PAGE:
Picture of a Well - Definitions
Casing: heavy steel pipe that lines the walls of the hole.
Cement: used to fill the space between the hole and the casing. Together with the casing, this prevents caving of the hole, prevents movement of fluids (water, oil, or gas) between rock layers, confines production to the well bore, and provides a means to controls pressure.
Counter balance: Provides for the even distribution of loads and for the reduction of peak torque requirements.
Gear box: Reduces the speed of the motor to suitable pumping speeds.
Horse head: Allows the joint where the polished rod is attached to move in a vertical pattern instead of an arc.
Motor: Provides power to the gearbox. The motor is the prime mover for the pump to work.
Oil sand: the oil reservoir, generally composed of sandstone rock.
Pitman arm: Provides vertical movement from the rotating counter balance to the walking beam.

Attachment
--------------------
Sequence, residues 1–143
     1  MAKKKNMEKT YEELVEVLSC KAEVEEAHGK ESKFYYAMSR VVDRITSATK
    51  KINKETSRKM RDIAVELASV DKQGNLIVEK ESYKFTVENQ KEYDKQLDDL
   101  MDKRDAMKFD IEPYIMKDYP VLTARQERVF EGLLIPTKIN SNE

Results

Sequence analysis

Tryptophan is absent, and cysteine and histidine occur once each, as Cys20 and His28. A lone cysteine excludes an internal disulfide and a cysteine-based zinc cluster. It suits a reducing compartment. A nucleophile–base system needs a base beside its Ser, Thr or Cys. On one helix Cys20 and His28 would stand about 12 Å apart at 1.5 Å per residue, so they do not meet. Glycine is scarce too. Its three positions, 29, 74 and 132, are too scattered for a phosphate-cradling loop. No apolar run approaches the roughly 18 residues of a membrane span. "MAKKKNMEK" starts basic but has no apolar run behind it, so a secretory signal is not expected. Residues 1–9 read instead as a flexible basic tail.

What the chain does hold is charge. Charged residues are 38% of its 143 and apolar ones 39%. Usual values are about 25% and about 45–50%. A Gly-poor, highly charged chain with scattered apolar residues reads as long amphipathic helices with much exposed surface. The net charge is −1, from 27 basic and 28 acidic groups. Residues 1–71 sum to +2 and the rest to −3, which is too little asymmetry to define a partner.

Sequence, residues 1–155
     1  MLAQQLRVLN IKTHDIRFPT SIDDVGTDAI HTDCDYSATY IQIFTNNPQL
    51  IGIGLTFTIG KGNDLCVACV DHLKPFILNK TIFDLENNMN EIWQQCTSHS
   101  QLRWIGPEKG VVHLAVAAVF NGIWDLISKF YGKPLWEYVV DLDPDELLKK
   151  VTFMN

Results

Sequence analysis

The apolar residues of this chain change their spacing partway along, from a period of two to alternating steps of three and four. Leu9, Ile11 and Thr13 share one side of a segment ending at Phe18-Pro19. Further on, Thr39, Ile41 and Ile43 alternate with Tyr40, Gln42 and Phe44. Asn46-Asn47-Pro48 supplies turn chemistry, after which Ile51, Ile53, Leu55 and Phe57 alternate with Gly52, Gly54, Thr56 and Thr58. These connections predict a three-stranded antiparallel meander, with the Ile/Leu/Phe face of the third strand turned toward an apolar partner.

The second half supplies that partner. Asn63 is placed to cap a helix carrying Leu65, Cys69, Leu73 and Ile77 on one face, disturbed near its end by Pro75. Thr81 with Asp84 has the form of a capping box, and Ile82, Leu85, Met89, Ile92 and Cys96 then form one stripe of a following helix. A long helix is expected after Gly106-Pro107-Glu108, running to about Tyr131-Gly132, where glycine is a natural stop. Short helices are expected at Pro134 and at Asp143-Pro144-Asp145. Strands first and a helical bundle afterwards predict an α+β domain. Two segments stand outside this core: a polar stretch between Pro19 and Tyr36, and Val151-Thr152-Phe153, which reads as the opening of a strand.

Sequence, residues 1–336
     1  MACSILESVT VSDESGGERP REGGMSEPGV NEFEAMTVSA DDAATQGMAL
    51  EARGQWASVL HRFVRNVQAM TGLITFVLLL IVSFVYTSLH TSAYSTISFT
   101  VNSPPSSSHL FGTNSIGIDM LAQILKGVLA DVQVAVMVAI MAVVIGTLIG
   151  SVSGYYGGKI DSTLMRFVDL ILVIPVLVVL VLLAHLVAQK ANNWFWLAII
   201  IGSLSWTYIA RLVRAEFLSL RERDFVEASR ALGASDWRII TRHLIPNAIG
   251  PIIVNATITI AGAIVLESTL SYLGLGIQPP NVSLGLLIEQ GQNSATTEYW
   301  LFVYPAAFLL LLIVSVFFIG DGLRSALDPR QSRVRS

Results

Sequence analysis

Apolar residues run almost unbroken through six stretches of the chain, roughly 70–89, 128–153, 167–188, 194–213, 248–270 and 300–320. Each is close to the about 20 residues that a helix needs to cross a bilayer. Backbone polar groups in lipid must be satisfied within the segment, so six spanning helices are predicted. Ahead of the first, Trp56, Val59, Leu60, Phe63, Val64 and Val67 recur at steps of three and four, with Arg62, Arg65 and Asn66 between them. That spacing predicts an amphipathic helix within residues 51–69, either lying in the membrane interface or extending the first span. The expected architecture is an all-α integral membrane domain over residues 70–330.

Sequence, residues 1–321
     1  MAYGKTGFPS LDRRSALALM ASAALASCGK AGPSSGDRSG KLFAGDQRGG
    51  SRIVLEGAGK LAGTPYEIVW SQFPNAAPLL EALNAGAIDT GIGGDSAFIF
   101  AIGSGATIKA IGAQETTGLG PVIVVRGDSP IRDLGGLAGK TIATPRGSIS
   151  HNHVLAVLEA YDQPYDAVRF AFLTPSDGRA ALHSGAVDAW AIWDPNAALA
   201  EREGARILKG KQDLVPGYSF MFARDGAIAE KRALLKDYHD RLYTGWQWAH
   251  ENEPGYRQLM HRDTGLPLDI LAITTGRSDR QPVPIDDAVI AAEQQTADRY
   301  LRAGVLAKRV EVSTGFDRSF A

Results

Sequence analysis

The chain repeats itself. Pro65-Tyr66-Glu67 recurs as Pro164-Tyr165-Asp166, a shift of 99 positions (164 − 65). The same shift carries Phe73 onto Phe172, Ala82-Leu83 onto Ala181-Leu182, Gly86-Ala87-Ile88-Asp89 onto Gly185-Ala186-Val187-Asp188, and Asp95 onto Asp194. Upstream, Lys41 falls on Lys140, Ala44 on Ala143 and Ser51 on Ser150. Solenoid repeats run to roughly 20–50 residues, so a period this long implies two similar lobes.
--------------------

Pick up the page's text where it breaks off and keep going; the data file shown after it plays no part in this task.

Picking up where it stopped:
Polish rod: Reduces unnecessary wear and friction losses at the stuffing box located at the wellhead.
Pump: Admits fluid from the producing oil sand into the tubing and lifts that fluid to the surface.
Sucker rods: Transmit movement from the surface pumping equipment to the down-hole pump.
Tubing: steel pipe of a smaller diameter than the casing, placed inside the casing string, to provide a path for the produced fluids to reach the surface.
Walking beam: Pivots near its center from motion supplied by the pitman arms causing the horse head to move up and down in near vertical movement.
Well head: Includes the stuffing box, flow line, and various valves and pipes to direct the flow of oil and gas at the surface.